“In nearly all good fiction, the basic — all but inescapable — plot form is this: A central character wants something, goes after it despite opposition (perhaps including his own doubts), and so arrives at a win, lose, or draw.” – John Gardner
The first vital part of your novel we’ll look at in more detail is the plot. If you get this right you will compel your reader to turn page after page.
The plot is what happens in your story. New writers will often write their first book as a straightforward sequence of events, but this displays a lack of planning and makes for a pretty boring experience for the reader. You can’t just have one or two characters moving effortlessly from one scene to another – life just doesn’t work like that! And just as life is complex, so is determining the perfect plot.
Your novel needs:
– Multiple characters – but not too many, and every one of them must have a distinct purpose.
– Multiple events – where things do not go to plan.
– Everything to happen for a reason, and the reader needs to understand that reason.
All plots also need these elements:
1) Something happens in your protagonist’s life to shake things up and change the course of events.
2) The main character wants or needs something to make things right again (this can be something new, something he/she has lost or something that he/she wants).
3) He/she goes on a physical or emotional journey to achieve their goal.
4) There are obstacles in their way as they go on this journey, and he/she struggles to overcome them.
5) He/she either does or doesn’t get what they are looking for, but no matter what they are a changed personafter what they have experienced.
But it is not enough to simply have a solid plot…
“Character is plot; and plot is character.” – F. Scott Fitzgerald
As you are developing your plot, try to think about the impact that these events will have on every character. Being aware of all the various reactions will help you to move the story on convincingly and make sure you haven’t missed any exciting moments. All these separate arcs in the story will combine to give you a more effective climax.
Understandably, each author wants to make their mark on the publishing world and write something different, but let’s take a look at the main type of plot formulae that have had a proven success rate and can still be used as a base for an original first novel.
- The quest (action, adventure)
The main character is faced with a huge unexpected obstacle – often life-threatening. There seems to be no positive end in sight as he goes to the ends of the earth to try and solve this dilemma that has totally stalled his day-to-day life. Everything is against him – new characters will thwart his progress, all weather and transport will delay him, and authority figures will stand in his way. He challenges will escalate until he reaches the most testing of them all. Ultimately he will triumph over adversity.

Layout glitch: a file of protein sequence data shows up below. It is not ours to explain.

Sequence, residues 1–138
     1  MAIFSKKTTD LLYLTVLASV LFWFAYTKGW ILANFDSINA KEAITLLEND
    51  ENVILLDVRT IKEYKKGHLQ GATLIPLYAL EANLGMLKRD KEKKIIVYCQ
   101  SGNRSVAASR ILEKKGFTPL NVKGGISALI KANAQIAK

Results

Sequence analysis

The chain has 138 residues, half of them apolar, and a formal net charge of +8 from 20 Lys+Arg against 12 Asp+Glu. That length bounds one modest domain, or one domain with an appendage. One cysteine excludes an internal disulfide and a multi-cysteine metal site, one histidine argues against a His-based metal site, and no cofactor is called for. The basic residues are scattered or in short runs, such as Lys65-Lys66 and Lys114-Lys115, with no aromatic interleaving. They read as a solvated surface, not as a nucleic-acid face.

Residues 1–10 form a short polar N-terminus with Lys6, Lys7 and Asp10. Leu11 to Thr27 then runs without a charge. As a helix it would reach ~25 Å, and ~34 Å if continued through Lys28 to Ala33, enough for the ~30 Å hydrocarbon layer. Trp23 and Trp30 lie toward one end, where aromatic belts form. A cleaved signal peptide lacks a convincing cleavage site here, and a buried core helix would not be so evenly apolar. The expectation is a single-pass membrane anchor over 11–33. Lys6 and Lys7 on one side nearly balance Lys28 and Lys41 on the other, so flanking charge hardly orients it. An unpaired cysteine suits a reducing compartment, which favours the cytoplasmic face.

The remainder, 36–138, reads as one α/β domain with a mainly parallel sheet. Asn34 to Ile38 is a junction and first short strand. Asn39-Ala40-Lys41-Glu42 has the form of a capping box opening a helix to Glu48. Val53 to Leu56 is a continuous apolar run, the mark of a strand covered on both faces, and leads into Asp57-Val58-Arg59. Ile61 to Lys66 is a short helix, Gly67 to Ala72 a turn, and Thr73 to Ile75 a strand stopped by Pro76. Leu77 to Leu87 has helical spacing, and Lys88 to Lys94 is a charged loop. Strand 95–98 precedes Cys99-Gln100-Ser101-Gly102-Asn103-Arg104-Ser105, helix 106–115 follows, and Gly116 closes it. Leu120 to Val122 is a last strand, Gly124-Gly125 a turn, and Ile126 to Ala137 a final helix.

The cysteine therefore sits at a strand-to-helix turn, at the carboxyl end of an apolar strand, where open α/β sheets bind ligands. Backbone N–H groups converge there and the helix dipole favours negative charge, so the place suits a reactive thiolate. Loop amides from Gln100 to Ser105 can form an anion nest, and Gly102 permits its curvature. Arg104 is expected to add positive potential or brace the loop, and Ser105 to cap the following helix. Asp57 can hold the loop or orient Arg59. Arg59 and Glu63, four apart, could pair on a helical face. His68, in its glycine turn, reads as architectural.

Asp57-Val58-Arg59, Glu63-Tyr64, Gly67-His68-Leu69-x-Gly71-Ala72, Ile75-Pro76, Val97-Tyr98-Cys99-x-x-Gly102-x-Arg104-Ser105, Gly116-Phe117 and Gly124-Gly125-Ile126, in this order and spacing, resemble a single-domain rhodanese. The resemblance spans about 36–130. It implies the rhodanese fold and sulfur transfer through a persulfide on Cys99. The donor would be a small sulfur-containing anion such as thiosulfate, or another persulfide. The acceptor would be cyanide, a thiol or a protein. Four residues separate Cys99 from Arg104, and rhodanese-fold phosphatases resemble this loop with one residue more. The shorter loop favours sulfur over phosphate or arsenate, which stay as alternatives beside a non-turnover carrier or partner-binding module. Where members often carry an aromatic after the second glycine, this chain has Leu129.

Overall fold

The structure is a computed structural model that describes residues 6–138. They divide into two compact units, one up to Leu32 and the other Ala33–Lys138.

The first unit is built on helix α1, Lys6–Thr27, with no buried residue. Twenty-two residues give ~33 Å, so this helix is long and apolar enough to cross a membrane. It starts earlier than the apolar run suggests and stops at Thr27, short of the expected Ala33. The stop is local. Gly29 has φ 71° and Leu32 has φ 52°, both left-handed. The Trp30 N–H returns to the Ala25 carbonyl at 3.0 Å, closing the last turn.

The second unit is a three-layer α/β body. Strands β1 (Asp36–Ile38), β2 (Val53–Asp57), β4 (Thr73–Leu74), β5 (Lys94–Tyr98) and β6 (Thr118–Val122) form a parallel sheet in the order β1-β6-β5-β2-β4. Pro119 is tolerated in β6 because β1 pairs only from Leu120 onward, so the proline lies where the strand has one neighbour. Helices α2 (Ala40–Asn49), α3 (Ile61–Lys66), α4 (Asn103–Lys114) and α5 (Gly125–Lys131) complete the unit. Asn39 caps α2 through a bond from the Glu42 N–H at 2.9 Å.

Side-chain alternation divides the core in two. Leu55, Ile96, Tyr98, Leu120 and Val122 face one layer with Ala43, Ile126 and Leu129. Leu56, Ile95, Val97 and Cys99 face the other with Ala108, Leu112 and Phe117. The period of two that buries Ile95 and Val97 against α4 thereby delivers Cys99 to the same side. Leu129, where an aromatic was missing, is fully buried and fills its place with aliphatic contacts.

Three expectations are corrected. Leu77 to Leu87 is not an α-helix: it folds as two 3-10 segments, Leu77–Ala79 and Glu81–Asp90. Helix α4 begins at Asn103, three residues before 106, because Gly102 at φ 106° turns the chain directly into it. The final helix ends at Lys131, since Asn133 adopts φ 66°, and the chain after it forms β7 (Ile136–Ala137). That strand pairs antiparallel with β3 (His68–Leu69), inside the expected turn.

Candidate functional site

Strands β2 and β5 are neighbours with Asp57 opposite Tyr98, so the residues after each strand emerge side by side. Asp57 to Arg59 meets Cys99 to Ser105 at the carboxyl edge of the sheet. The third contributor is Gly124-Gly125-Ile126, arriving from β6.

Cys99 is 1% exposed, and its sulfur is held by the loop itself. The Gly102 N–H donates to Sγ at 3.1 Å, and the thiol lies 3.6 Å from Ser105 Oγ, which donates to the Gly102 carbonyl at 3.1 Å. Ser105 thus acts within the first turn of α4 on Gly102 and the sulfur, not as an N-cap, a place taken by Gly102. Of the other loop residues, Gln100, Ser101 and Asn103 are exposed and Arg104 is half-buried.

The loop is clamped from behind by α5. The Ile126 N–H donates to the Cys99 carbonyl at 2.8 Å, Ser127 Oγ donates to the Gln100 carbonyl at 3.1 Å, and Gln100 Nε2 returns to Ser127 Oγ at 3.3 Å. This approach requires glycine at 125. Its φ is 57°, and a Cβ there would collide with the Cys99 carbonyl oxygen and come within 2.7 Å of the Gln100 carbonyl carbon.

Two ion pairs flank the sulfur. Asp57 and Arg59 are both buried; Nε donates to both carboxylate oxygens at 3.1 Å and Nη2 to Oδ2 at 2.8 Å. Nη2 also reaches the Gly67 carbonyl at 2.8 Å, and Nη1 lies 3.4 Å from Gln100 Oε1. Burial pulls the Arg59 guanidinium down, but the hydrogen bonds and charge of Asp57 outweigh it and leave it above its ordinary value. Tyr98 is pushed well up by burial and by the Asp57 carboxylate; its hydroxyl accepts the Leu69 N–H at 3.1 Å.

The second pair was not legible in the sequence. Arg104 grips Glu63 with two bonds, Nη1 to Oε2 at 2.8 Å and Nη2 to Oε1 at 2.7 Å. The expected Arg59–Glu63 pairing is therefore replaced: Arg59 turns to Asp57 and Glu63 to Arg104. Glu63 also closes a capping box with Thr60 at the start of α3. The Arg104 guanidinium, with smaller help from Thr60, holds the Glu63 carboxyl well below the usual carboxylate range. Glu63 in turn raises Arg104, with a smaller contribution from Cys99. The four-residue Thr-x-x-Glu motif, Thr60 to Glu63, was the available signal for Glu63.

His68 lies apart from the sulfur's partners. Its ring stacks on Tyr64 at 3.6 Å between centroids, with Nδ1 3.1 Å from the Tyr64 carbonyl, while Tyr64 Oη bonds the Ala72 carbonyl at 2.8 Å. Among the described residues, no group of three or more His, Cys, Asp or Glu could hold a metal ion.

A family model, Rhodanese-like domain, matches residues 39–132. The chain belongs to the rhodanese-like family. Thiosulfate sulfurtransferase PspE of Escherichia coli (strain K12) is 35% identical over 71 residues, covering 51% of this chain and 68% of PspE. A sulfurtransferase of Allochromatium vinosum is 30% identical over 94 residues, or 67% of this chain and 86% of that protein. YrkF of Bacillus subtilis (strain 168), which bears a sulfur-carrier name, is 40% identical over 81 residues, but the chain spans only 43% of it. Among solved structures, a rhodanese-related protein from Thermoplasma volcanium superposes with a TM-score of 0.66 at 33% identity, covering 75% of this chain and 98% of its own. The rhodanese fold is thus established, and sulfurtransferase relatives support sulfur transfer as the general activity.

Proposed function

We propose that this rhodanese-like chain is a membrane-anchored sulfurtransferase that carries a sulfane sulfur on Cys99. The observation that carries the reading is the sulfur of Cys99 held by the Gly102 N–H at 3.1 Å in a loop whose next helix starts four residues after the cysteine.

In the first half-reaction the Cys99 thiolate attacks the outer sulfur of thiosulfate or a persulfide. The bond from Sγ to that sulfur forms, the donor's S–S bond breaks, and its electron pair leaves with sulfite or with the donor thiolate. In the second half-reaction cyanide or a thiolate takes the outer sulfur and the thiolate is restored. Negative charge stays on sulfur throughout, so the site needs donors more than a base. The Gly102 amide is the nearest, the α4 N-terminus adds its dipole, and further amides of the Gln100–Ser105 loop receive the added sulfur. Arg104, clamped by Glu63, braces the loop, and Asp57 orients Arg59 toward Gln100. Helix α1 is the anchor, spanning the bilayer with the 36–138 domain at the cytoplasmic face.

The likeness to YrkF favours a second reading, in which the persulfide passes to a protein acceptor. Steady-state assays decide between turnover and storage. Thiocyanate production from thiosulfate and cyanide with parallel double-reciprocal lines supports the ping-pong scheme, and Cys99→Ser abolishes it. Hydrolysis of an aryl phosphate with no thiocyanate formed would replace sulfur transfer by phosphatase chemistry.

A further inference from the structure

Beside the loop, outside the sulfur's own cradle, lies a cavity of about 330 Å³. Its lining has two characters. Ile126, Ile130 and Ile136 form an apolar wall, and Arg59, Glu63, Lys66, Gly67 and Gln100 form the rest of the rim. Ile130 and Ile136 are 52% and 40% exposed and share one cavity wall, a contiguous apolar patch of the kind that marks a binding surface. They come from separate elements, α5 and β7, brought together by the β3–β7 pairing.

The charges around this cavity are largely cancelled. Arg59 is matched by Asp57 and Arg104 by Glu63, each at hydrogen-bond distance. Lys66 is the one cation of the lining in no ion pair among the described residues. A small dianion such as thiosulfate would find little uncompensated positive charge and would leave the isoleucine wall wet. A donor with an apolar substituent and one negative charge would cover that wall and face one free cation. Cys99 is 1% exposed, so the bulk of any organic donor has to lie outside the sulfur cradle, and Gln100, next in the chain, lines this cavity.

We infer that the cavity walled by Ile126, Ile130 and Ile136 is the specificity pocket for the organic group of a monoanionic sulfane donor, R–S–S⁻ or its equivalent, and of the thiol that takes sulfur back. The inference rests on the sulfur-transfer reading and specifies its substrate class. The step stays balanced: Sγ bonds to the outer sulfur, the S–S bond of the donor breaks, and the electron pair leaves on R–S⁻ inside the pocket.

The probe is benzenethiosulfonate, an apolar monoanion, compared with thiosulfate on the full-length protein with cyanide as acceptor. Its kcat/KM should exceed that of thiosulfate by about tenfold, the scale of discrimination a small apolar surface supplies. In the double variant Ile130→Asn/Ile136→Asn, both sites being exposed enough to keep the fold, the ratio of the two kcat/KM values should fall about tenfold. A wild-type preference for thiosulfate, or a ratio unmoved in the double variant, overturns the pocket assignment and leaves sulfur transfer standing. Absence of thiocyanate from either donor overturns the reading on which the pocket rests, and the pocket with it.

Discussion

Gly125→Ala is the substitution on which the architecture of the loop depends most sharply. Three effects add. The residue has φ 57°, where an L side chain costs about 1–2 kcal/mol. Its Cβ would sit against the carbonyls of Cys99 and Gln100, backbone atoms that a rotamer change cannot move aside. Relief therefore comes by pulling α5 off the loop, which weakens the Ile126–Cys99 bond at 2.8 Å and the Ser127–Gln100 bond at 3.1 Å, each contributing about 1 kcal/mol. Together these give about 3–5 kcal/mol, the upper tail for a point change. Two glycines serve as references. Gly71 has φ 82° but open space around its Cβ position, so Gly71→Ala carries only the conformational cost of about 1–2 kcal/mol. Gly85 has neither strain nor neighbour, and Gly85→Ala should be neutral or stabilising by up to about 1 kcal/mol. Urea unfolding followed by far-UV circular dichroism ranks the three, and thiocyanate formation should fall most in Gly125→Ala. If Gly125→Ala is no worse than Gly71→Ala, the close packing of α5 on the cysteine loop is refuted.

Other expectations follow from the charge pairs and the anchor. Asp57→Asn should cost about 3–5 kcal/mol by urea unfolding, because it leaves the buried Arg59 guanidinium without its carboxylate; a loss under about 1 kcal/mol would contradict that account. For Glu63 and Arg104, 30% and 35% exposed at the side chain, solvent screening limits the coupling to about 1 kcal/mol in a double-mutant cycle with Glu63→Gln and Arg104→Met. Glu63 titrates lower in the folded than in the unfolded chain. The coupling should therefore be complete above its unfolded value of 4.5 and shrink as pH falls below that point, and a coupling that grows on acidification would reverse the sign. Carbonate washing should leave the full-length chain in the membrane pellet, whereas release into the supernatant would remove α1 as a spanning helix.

- The prize (thrillers, romance) – The protagonist’s life is not at risk but he still has a strong goal, which it seems he is unlikely to achieve, but he never gives up – despite all the difficulties he encounters – and is eventually victorious.
- The race – Many characters are all trying to reach the same goal, but only one will make it. Each opponent has their own story and reason to fight to the end, and will probably have links with their competitors, which can also be explored for maximum tension.
- The contest – Two strong characters or groups face each other in a dramatic showdown. The two sides are often from the same family or in a close friendship or relationship to heighten the stakes.
- The puzzle (crime) – Clues are drip-fed to the reader to keep them in suspense until the mystery is solved at the end of the novel. The plot is complex with many twists and uncertainties.
- The chase – The protagonist’s main goal is to stop another character from committing a terrible crime or act. It is often the case that the villain has triumphed over the hero in the past, but in this case the hero must win.
- The relationship – (romance) – There are a few popular plotlines when is comes to love stories…
- Boy meets girl, loses her and fails to win her back again and again until he figures out a crazy way to finally charm her.
- Boy meets girl but they don’t realize how perfectly matched they are. As friends, they witness the many ups and downs of each other’s unhappy relationships until they eventually realize they are the ones who should be together.
- Boy meets girl and they loathe each other. Somehow they are linked virtually / professionally but don’t know it and complain about each other to each other via phone, email, social media. Through this experience they become close, until they realize their true identity. This can be a pleasant or unpleasant surprise!
You can of course combine two (or more) of these plot types together when planning your novel.